Photos from my August 2017 visit with Lawrence Crowder in Alamosa, Colorado, as he raked and baled alfalfa. A couple of months earlier, in June, I had caught up with the NASA Airborne Snow Observatory team in Grand Junction, Colorado, from which they based flights over the Rio Grand River’s headwaters. Crowder’s alfalfa depends on that water.

  • The Rio Grande as it flows through Alamosa.
  • Without irrigation, this is what Colorado's San Luis Valley looks like.
  • With irrigation, this is what Colorado's San Luis Valley looks like (in this case, Lawrence Crowder's alfalfa field).
  • A red-tailed hawk perches on one of Lawrence Crowder's irrigators. The water's source is in the background.
  • Lawrence Crowder, Alamosa farmer and irrigation company president, in the tractor cab with Kadee (lower left).
  • Rake folded up, Lawrence Crowder heads back to switch to a baler.
  • Craig Cotten, the state water engineer for the district that includes the San Luis Valley.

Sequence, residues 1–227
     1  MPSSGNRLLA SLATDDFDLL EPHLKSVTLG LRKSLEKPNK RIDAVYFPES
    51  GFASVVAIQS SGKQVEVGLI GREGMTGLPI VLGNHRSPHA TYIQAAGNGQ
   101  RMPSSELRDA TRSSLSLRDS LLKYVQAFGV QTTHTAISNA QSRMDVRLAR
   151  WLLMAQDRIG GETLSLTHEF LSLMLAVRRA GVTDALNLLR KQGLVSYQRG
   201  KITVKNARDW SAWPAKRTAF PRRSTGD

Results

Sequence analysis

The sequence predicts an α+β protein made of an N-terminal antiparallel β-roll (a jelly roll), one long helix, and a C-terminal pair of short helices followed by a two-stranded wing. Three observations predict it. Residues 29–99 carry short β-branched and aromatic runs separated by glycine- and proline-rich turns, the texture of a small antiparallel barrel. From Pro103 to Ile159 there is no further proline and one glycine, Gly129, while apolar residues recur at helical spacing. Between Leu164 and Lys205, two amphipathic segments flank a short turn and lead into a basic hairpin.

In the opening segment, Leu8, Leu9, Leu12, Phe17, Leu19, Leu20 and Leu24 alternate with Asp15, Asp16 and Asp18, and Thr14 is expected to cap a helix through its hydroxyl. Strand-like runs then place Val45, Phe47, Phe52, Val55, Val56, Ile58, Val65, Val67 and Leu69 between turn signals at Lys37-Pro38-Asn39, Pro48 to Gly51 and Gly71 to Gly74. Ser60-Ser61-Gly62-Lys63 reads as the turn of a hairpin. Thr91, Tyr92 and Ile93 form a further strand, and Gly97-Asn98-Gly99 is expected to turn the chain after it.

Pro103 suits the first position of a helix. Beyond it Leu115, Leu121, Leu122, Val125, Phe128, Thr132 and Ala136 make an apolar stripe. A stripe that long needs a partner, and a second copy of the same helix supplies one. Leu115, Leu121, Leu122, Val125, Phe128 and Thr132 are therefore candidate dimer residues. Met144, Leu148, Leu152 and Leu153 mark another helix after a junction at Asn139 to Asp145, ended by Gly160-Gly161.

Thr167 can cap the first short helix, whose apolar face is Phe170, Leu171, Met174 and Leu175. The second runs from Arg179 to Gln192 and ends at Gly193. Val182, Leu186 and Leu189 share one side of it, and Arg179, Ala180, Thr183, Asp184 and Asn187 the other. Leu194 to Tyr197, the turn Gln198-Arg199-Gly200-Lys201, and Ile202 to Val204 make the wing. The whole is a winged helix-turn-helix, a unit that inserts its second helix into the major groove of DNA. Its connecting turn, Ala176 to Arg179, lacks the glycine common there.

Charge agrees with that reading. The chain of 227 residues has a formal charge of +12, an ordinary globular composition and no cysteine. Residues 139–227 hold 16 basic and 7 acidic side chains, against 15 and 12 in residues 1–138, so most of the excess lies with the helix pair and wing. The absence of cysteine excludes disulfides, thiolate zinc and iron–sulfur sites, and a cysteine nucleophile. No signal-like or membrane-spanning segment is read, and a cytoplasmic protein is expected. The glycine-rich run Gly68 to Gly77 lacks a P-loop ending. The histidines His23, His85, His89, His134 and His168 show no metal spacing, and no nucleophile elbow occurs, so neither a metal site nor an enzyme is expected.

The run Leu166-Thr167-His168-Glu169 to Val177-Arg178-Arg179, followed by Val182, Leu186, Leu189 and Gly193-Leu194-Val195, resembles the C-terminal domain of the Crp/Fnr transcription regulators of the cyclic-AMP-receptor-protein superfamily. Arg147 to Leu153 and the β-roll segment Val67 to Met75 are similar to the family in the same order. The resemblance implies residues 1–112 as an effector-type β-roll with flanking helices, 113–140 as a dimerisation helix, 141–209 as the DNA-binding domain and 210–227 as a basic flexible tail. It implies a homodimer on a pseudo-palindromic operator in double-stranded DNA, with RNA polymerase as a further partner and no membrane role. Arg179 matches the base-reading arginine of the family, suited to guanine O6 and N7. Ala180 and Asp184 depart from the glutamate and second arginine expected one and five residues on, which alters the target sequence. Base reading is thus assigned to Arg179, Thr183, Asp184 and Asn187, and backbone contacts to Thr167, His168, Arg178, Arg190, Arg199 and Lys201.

• Elizabeth Carey of NASA JPL’s Airborne Snow Observatory team points out the Riegl lidar from below the King Air’s belly in Grand Junction.
  • The NASA Airborne Snow Observatory's instruments, the lidar on the left, the spectrometer on the right.
  • The NASA Airborne Snow Observatory King Air's interior toward the cockpit
  • The NASA ASO insturments occupy much of the aft cabin.
  • The NASA ASO's King Air taxis for takeoff.
  • FlightAware's tracking of a June 10, 2017 NASA ASO flight over the headwaters of the Rio Grande.
  • Another view of the NASA ASO June 10 flight. (Courtesy FlightAware)

 

And a video (this with the original Twin Otter aircraft and Teledyne Optech lidar, later replaced with a Riegl):